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By Stephen Tooth, Aberystwyth University


Like many academic geographers, as my career progresses, I find myself communicating with increasingly diverse audiences, both within and outside of academia. I have become interested in communication approaches in geography, especially in geomorphology and environmental change, but also in geoscience generally. Other contributions to this guide address communication with teachers, policy makers, business communities, and so on. But what about the visual and non-visual arts communities: can these provide alternative communication channels for our data and concepts? 

In recent years, I have talked to and collaborated with various artists engaging in different practices (e.g. painting, digital images, film making, sculpture, poetry, storytelling). Working collaboratively at the geoscience-art interface, I have been involved in PhD supervision, organisation of symposia and exhibitions (Figure 1), editing of a journal special issue devoted to mapping in geoscience-art collaborations, guiding field tours, and writing books to interweave science, humanities, and the arts for an integrated view of bedrock river scenery.


Example exhibits displayed at the 2016 Annual Meeting of the British Society for Geomorphology (BSG), University of Plymouth.  Developed by the BSG’s ‘Visualising Geomorphology’ Fixed Term Working Group, which included a range of geomorphologists and artists, the exhibition was entitled ‘7½ ways in which the arts can help to communicate geomorphology’ and incorporated visual, auditory and tactile exhibits to illustrate the shared conceptual concerns of geomorphologists and artists, and the challenges and rewards of working collaboratively.  The title was designed to invite additional and ongoing input to help develop what is potentially very fertile collaborative ground.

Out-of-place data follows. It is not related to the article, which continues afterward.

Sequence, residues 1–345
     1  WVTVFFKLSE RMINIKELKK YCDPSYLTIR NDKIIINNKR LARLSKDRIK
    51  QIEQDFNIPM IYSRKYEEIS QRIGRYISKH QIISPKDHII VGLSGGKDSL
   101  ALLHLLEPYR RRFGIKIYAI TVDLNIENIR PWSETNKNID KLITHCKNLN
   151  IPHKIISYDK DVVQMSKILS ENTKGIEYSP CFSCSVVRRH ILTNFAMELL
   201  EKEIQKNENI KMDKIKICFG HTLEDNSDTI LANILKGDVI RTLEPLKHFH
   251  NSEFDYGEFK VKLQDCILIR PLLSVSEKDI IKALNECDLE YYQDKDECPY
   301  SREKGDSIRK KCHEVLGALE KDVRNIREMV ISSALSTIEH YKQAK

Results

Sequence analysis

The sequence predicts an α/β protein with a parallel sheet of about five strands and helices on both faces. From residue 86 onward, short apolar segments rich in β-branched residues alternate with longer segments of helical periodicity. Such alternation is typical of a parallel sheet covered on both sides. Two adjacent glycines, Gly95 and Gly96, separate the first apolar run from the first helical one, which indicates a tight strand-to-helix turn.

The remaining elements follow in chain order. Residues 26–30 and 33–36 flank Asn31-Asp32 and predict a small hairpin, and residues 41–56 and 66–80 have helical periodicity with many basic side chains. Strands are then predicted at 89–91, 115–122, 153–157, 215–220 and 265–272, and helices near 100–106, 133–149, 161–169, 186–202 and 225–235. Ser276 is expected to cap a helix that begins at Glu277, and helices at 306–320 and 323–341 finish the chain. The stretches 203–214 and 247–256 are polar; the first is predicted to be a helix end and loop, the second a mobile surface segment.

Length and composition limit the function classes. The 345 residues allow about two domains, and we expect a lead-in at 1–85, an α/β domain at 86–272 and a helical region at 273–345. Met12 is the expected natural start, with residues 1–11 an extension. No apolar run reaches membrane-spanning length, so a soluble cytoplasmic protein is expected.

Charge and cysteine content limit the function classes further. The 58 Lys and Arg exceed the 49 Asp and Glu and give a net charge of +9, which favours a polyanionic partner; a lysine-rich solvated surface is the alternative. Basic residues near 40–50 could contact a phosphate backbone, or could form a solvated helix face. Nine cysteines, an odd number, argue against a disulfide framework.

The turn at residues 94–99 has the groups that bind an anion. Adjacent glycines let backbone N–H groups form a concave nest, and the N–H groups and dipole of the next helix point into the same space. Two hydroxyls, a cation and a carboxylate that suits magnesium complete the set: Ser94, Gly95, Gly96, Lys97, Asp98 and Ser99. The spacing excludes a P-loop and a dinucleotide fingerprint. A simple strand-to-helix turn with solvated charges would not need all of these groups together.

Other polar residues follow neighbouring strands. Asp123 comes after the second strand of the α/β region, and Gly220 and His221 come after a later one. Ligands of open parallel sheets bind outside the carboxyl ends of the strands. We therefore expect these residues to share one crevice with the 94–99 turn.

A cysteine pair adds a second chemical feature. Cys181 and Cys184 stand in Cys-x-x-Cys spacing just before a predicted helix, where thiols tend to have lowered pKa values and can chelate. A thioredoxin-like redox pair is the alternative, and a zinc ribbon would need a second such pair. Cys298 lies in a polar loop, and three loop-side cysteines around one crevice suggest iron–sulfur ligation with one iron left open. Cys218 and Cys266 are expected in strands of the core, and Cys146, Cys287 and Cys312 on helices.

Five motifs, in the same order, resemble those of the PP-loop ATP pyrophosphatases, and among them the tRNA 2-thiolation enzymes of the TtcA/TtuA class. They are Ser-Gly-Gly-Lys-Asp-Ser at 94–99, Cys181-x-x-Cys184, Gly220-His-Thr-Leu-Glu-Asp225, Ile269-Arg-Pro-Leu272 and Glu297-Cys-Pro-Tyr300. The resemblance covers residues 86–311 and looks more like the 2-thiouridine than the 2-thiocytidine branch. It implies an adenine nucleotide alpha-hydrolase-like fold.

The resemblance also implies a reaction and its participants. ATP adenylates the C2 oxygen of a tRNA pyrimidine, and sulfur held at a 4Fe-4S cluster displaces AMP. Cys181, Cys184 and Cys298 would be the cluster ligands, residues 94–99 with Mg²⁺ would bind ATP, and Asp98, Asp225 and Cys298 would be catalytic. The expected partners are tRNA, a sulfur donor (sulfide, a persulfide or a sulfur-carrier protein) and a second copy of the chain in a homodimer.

What have I learned along the way?

Working with artists can be challenging but also enormously rewarding. Collaborations normally do not happen quickly: time, patience, and continual open dialogue are key. It’s easy for academic geographers to forget that many artists see, feel and experience the world very differently to us. They may also have very different methods of working that have very different end goals. For many artists, the art may be as much about the practice of ‘experimenting’ or ‘making’, rather than necessarily about outputs (e.g. ‘finished’ artworks or exhibition catalogues). Practices and outputs may be more about provoking individual, subjective, emotional responses in viewers (e.g. wonder, fear, hope) rather than conveying universal, semi-objective, discrete findings. 

For me, learning these lessons has not only made me a more rounded geographer – which, after all, is partly about appreciating how people interact with, and respond to, space, place and environment – but also enlarged my intellectual horizons, provided many research stimuli, and significantly improved my oral and written communication skills.


Key recommendations and suggestions

Key to any collaboration is to: i) identify shared conceptual concerns through dialogue; ii) establish (perhaps through trial-and-error) different methods of working; iii) be open to developing different practices and outputs that can collectively satisfy both parties.